Alan Warnes reports from the annual airshow at RAF Waddington, Lincs.
THE INTERNATIONAL Airshow at RAF Waddington on June 26 and 27 celebrated a record attendance on the Sunday… but there was a catch. Most of the event’s estimated 125.000 total turnout was down to some judicious planning on behalf of the general public — they’d heard the weekend weather forecast and scheduled their visit for what promised to be the less wet day.
As you would expect for the RAF’s main recce and warfare base, Waddington plays host to a number of interesting units. The higher profile units are those operating aircraft, the Sentry AEW.1 AWACS (8 and 23 Sqns) and Nimrod R.I (51 Sqn). These types are to be joined next year by the first of five Bombardier Global Express ASTORs (Airborne Stand Off Radar) that are to be delivered to 5 Sqn, which is still awaiting its aircraft having recently moved to the base. However, most of the people at RAF Waddington work at the very secretive Air Warfare Centre (AWC), where RAF operational doctrine and procedures are formulated. The AWC has various operational evaluation units (OEUs) within its organisation, and the line-up of a Tornado GR.4 and F.3, Harrier GR.7 and Jaguar GR. 3 showed off the public face of the Fast Jet Weapons Operational Evaluation Unit (FJWOEU). The unit was created on March 29 this year from the amalgamation of the Strike Attack Operational Evaluation Unit (SAOEU) then based at Boscombe Down and the F.3 OEU at RAF Coningsby where the FJWOEU now resides. It will be joined there next year by the first Typhoon T.1s of the Typhoon OEU, which is why one of these state-of-the-art air defence fighters (serialled ZJ800/’AC’) was parked in the static.
The AWC organises a display marquee for the airshow, to give the public an idea of what goes on there. So I was delighted to find that it was making public details of its latest unit, the Joint Unmanned Aerial Vehicle Experimentation Programme (although it was referred to as the JUAV Evaluation Programme). The JUAVEP, which began operations at RAF Waddington on April 1, has been designed to consider the UK armed services’ requirements for the future, beyond the Watchkeeper programme — so at least this proves that the UK is at last getting serious about UAVs.
Although I admire airshows trying to cater for all the family, the fairground and trade tents (that are a regular feature at RAF Waddington) are in danger of overshadowing the aircraft in the static display. Of course this is probably due to the airshow’s success and the fact that RAF Mildenhall no longer hosts its Air Fete, however it is an issue that the organisers should be made aware of.
While the static display lacked any form of US military presence — due to the Pentagon’s decision that US aircraft would attend only a limited number of overseas airshows — the organisers still managed to attract some fascinating alternatives.
Those interested in modern military aviation were probably aware that the Turkish Air Force F-4E Phantoms were among the rarest visitors. The two shark-mouthed examples on display were from the 172 Filo at Erhac and it was good to see the Turkish aircrews getting into the spirit of the event by having their photographs taken with members of the public.
Further down the line was a German Air Force F-4F Phantom from Jadgerschwader 71 (JG-71) based at Wittmundhafen. So the Phantom buffs would have been pleased, particularly with the presence of a former RAF Phantom FGR.2 serialled XV497/’D’, preserved outside the buildings of 23 Sqn, which once operated the type.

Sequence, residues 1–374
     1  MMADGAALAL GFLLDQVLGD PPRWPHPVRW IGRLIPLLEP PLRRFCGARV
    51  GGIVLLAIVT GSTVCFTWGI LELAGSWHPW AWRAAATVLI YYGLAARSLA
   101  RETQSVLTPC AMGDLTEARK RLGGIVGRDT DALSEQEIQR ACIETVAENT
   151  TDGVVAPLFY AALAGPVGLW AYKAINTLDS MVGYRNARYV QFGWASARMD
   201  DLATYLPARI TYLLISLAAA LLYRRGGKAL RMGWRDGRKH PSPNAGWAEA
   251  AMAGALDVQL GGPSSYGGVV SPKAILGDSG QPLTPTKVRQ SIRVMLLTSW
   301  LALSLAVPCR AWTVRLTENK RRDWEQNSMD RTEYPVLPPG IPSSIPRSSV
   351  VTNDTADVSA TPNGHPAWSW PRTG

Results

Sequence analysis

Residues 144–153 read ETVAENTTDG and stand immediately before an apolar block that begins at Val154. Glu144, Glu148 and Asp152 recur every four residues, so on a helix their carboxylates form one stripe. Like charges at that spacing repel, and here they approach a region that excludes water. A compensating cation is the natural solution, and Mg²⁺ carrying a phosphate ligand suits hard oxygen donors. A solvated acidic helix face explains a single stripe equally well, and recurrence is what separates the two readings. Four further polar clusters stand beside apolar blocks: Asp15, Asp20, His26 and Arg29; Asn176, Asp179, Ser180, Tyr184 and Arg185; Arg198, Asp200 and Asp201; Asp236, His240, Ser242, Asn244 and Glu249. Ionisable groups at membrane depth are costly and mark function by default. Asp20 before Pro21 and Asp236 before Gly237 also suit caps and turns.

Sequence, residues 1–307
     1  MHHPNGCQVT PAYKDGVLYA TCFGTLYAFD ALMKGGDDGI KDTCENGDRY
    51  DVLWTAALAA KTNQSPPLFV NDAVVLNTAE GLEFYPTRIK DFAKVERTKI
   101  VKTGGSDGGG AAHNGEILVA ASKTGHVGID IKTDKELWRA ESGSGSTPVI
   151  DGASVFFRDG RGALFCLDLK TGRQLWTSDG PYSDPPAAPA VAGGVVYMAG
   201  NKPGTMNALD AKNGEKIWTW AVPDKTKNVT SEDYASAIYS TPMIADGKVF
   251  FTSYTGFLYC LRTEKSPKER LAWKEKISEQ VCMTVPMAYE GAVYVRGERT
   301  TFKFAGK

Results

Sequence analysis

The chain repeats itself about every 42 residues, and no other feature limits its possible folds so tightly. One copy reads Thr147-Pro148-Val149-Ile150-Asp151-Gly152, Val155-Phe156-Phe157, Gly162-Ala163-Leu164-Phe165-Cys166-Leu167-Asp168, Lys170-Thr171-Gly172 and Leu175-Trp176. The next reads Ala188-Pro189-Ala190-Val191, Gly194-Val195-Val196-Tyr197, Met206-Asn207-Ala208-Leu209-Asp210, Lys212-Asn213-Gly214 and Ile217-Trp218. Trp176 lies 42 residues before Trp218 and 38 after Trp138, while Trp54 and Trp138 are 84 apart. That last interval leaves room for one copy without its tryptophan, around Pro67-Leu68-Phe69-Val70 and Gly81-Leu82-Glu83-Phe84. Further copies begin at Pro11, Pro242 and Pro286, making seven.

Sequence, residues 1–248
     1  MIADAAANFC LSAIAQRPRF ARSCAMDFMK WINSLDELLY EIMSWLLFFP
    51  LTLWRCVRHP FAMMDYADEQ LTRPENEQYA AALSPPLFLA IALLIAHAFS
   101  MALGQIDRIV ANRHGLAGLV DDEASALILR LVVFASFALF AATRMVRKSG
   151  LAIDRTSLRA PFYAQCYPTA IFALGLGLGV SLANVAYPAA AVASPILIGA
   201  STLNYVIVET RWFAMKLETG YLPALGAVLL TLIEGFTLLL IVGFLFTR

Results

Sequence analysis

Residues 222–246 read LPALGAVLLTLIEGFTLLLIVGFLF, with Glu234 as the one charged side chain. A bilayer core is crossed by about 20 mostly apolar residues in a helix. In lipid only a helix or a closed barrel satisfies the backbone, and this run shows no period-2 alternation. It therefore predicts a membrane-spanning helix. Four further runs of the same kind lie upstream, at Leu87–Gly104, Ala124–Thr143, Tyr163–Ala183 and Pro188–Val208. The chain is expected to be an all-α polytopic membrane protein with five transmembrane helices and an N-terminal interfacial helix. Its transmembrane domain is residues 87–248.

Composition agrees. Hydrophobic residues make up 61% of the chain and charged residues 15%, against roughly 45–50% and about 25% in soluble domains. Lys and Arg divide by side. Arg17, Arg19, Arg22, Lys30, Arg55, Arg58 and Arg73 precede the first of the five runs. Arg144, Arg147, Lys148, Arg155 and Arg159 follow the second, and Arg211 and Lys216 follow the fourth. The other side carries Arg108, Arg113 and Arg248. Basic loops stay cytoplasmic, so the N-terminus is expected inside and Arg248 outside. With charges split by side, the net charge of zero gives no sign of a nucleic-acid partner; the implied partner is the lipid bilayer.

There were a number of unusual sights in the static line-up, with a Latvian Air Force LET 410 and a Polish Navy Aviation M28 Bryza-IR among them. Both aircraft won prizes — the Bryza taking the Best Presented Static Display award and the LET being named as runner-up.
I was pretty impressed by the versatility of the Chinook during Sunday morning’s flying display and admired the pilot’s skill at flying the helicopter through an excellent routine, despite rather windy conditions. While all this was going on, some guy sitting on the Chinook’s ramp, who I presumed was the loadmaster, waved manically to all those below.
It was with some delight that I learnt the aircrew from the Chinook Operational Conversion Unit (OCU) had won the Airshow Organisers’ Award For Best Presented Flying Display. Gaining the runner-up spot was a Royal New Zealand Air Force P-3K Orion, with a worthy display. The Orion had been deployed from its home base at Whenuapai to RAF Kinloss in Scotland for a Joint Maritime Course (JMC) and had decided to head south for the show.
Other notable performances in the flying display came from the Typhoon, Austrian Saab 1050E and the Tornado GR.4 from 15 Sqn.
I suspect most of the general public had come to see the Red Arrows, which are celebrating their 40th display season. To mark this anniversary, they arrived at RAF Waddington on both days, with a Gnat T.1 in formation. The Gnat was the team’s mount when the Red Arrows started their first display season and continued until 1979 when the Hawk T.1 took over. On the Sunday, the ten aircraft appeared over the base as the sun re-emerged from behind the clouds just minutes after torrential downpour, which provided a spectacular backdrop. The Gnat broke off and gave a five-minute display, then the Red Arrows did their slick party piece. They were the third of three international aerobatic teams at the show, as the Italian Air Force Frecce Tricolori and Spanish Patrulla Aguila had also given fine performances earlier in the day.
The entrance fee was £15 for an adult (or £12 in advance) and £5 for a child (aged 5-16), which in my view was a fair price when you look at it against other comparable events. Next year’s event is scheduled to take place on July 2-3. Let’s hope the weather improves by then!